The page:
Justice League removed Henry Cavill’s mustache with CGI for his return as Superman – and boy is it bad. So, yes, as expected, Superman is resurrected in Justice League, although he’s a little different. No, we’re not talking about how this time he actually is a beacon of hope rather than the more brooding take of previous films, but his brand new – and decidedly fake – upper lip.
This bizarre story has already been well reported. By the time Justice League‘s extensive reshoots began, Henry Cavill had already started work on his next film, Mission: Impossible 6, in which he evidently has a pretty substantial part. The main impact of this is that Cavill had to keep traveling back-and-forth over the Atlantic on his off-days from M:I‘s England set to Justice League‘s in America, although specifics of the character led to something more complex. You can’t have failed to miss that throughout Justice League‘s press tour, Cavill has been sporting a damn fine mustache that would make Hercule Poirot a little jealous; that’s because his character in the film requires the facial fuzz (presumably to accentuate his Britishness) and so while Paramount were fine with their star jetting off to be Superman, they wouldn’t allow Cavill to shave.
This posed a problem. Plainly, Superman does not have a mustache. And so the production decided they would digitally remove the ‘stache using CGI: per Cavill, the hair was waxed up to reveal more skin, then mo-cap dots were placed on his face and the VFX artists did the rest. When the story broke in July, all involved were keen to play it down, with it made clear the effect was of minimal financial impact and the cast joking endlessly.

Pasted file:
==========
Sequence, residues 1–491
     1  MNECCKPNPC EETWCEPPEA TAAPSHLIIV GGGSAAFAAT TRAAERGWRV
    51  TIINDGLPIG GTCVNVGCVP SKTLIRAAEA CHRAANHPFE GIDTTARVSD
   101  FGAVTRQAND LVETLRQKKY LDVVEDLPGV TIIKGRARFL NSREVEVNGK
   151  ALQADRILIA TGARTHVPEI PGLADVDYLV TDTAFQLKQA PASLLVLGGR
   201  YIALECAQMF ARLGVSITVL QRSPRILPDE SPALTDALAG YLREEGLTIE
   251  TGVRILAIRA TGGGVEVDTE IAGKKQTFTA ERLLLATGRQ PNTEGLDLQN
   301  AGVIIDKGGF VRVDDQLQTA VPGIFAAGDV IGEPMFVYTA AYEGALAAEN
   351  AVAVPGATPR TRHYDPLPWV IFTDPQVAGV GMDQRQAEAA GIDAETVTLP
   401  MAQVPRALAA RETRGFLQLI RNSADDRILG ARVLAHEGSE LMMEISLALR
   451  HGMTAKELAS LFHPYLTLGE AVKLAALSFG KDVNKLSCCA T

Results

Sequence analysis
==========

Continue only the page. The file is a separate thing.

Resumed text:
Unfortunately, while the effort was surely there, the resulting effect does not work. From the very first shot of the film, the replacement is painfully obvious, with the cleft puffed out and lip unnervingly unreal. It shatters the movie’s illusion whenever it happens and reveals just how much of the character’s role was reshot (most of it); for cracking the case of what Joss Whedon altered, its essential. But all the joking misses a bigger question: why was it this bad in the first place?
The True Awfulness of Henry Cavill’s Mustache Explained
Technically speaking, what we’re dealing with is the mouth equivalent of the uncanny valley; the closer to real something gets, the more its imperfections create a haunting effect. You typically see this with fake human characters, most noticeably in their glazed-over eyes, but as technology has advanced the mouth has become a problem area. Last year’s digital resurrection of Peter Cushing in Rouge One had definitely-inhuman lip movement. And yet Superman’s feels more distracting.
The effect being attached to the otherwise real Cavill is the key. We know what Superman looks like, so the contrast of human and inhuman is obviously more pronounced; whenever he looks different it’ll stand out, be that a costume, hairstyle or adjusted facial features. It’s particularly noticeable when he speaks, with the lip’s curve not moving as if it’s separate to the rest of his face (because it is); when he’s still, it’s harder to tell (but still, ultimately, possible). The method discussed above – with the waxed-up hair – doesn’t help matters, as it appears to have led to Cavill overexaggerating his performance to compensate for having no lip control, making the entire thing more cartoonish.